HOUSTON – The American oil industry might avoid bullets.
Russia and Saudi Arabia – which only a month ago hoped to weaken American producers – have backed away from the threat to pump more oil into a saturated market. Admitting that the bet was hurting themselves, they announced it last week they tentatively agreed to cut production.
This change will certainly make room for American companies to gradually reduce production on their own terms, without a government or regulatory mandate, because they invest far less in exploration and production.
“Hopefully, the American oil industry avoids the worst scenario,” said Amy Myers Jaffe, energy expert and Middle East at the Council on Foreign Relations. “There will still be bankruptcy, but for now, fears that there will be wholesale industrial destruction can now be ruled out, because the worst price war has passed.”
What happened in the last few days can support an industry that directly and indirectly employs nearly 10 million Americans. U.S. production spike in recent years it has reduced dependence on foreign oil, and reduced prices at gas stations for consumers.
Uncertainty still exists for this industry. The virtual summit of oil-producing countries and the Group of 20 energy ministers on Thursday and Friday ended in ambiguity, when Mexico balked at agreements made by Russia and Saudi Arabia to collectively reduce production by 10 million barrels per day. But two power of oil apparently ready to give permission to Mexico, after President Trump made a vague promise that the United States would make cuts that were not done by its southern neighbors.
Members of the Saudi-led Organization of Petroleum Exporting Countries have held talks in hopes that the United States, Canada and other western producers will agree to explicit cuts, adding up to 4 million or 5 million barrels per day. In contrast, American officials only make guarantees that crude oil production will decrease over time, in addition to voluntary reductions that have begun in some U.S. companies.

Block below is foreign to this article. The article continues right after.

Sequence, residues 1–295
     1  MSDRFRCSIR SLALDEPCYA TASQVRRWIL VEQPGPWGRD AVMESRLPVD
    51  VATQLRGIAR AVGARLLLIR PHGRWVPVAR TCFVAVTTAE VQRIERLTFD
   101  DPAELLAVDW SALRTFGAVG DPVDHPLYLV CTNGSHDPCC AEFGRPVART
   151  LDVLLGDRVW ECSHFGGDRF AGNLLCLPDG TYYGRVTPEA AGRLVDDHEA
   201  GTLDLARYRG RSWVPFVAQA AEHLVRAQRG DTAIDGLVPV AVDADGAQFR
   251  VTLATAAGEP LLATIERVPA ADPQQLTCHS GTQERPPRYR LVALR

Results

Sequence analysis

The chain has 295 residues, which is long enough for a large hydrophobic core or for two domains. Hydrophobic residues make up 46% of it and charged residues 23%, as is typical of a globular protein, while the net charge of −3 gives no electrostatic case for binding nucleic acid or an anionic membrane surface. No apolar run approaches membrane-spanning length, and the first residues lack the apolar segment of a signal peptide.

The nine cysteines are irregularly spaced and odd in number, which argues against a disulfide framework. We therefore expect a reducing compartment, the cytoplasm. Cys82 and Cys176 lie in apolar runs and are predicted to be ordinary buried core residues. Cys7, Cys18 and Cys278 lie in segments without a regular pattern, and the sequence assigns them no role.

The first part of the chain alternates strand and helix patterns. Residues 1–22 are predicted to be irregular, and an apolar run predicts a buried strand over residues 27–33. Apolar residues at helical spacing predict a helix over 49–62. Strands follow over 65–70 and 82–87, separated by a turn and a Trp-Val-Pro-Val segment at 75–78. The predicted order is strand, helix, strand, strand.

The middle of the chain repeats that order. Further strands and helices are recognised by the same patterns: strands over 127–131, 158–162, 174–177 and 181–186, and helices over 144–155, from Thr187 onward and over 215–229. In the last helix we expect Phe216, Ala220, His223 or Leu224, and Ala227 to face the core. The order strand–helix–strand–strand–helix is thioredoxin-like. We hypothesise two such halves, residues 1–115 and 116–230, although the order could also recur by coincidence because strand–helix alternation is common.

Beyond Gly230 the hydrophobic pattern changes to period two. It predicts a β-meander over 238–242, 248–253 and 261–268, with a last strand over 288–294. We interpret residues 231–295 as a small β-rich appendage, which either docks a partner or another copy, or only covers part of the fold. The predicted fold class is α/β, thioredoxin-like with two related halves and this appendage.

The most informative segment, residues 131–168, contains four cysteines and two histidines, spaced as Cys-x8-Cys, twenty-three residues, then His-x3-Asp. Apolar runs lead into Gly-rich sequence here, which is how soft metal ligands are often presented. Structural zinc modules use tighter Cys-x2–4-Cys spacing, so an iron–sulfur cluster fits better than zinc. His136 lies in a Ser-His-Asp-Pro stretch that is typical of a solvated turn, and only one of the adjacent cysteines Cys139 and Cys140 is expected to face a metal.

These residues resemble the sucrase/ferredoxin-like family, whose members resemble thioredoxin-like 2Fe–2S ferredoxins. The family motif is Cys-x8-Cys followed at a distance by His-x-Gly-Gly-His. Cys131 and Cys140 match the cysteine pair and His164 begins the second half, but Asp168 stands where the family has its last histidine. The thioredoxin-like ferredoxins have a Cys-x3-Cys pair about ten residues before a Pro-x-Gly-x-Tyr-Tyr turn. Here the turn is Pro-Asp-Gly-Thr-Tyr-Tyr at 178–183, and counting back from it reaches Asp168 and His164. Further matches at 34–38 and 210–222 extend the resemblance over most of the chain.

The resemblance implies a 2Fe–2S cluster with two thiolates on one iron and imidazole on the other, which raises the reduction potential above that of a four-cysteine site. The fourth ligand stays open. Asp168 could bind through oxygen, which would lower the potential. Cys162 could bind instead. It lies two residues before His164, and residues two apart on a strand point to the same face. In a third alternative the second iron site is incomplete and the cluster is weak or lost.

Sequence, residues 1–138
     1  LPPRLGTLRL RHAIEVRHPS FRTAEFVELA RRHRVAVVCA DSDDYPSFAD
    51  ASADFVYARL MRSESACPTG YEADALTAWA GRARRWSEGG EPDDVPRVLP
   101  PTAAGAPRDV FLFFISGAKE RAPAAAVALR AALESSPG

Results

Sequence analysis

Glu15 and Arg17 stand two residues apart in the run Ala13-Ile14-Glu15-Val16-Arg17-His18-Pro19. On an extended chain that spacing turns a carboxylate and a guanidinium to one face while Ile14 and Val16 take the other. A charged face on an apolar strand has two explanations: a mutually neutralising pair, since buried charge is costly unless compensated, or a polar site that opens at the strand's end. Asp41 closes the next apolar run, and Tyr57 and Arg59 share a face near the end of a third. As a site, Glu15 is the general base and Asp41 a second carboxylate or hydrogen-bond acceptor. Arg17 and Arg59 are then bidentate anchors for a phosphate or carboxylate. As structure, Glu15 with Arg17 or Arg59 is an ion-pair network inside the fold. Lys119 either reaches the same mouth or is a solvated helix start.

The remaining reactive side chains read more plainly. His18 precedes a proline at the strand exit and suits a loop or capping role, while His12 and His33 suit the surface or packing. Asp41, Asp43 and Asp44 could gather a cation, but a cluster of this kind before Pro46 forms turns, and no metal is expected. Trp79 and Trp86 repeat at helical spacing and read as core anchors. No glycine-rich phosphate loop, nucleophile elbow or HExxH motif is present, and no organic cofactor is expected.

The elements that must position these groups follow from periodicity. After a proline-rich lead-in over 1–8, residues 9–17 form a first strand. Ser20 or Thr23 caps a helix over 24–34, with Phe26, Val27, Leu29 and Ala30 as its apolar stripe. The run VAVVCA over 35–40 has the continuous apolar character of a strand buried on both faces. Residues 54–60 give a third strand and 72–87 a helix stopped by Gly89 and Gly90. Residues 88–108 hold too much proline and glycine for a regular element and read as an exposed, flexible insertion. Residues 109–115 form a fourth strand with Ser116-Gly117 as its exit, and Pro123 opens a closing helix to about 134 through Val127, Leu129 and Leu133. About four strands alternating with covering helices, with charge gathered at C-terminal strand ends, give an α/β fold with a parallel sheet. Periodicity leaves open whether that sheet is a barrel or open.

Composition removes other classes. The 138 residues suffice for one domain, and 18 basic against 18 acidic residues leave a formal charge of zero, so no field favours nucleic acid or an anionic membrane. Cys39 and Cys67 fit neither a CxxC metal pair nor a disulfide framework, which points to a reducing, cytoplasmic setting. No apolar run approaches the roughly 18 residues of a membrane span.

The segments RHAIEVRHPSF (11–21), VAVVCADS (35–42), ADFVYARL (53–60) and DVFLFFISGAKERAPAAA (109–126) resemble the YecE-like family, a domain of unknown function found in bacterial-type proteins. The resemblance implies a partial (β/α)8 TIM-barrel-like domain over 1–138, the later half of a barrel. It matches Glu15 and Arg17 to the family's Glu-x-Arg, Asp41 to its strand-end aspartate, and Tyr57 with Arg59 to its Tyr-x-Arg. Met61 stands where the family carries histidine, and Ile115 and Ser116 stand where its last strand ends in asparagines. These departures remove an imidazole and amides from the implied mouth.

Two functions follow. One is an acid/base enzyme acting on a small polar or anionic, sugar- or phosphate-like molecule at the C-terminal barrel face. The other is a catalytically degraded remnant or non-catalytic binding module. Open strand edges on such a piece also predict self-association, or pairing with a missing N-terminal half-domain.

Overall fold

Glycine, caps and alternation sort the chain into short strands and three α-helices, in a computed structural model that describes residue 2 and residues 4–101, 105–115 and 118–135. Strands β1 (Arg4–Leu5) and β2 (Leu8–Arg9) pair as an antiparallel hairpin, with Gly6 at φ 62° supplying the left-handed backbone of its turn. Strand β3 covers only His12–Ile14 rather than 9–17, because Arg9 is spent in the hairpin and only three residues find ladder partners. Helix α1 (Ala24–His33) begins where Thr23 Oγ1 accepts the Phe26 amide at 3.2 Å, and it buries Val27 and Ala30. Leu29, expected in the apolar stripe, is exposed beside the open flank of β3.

The global oil industry still has many problems. The collapse of economic activity caused by coronaviruses has reduced demand by around 30 million to 35 million barrels per day, according to international energy agencies and oil consultants.
Analysts expect oil prices, which jumped above $ 100 a barrel just six years ago, to remain below $ 40 for the foreseeable future. The benchmark US oil price was just under $ 23 a barrel on Thursday.
But the fall in oil prices completely into single digits – something not seen in two decades – seems to have been avoided. President Trump’s recent public lobby in Russia and Saudi Arabia to reduce production helped raise the price of a few dollars per barrel, which allows many American companies to reduce their exposure to price reductions by hedging. By setting their selling prices at a higher level close to the break-even point for shale wells, they can limit their losses.
American oil companies have eliminated thousands of jobs, blocked old wells and deactivation rigs and fracking equipment in preparation for the worst decline in more than a generation. Oil-producing countries such as Texas, Oklahoma and North Dakota expect huge losses in employment and tax revenues.
Declining oil demand worldwide could cause US oil exports, which reached more than 3 million barrels per year last year, to dry out almost completely. Concerns about climate change will continue to disrupt the industry and scare investors.
But industry executives predict consolidation, where small companies in debt are bought either by large companies or mergers. The decline in production will come because the market conditions of supply and demand determine. American oil production has fallen by several thousand barrels per day over the past two months and will probably fall by 2 million barrels per day until the end of the year, according to the Department of Energy.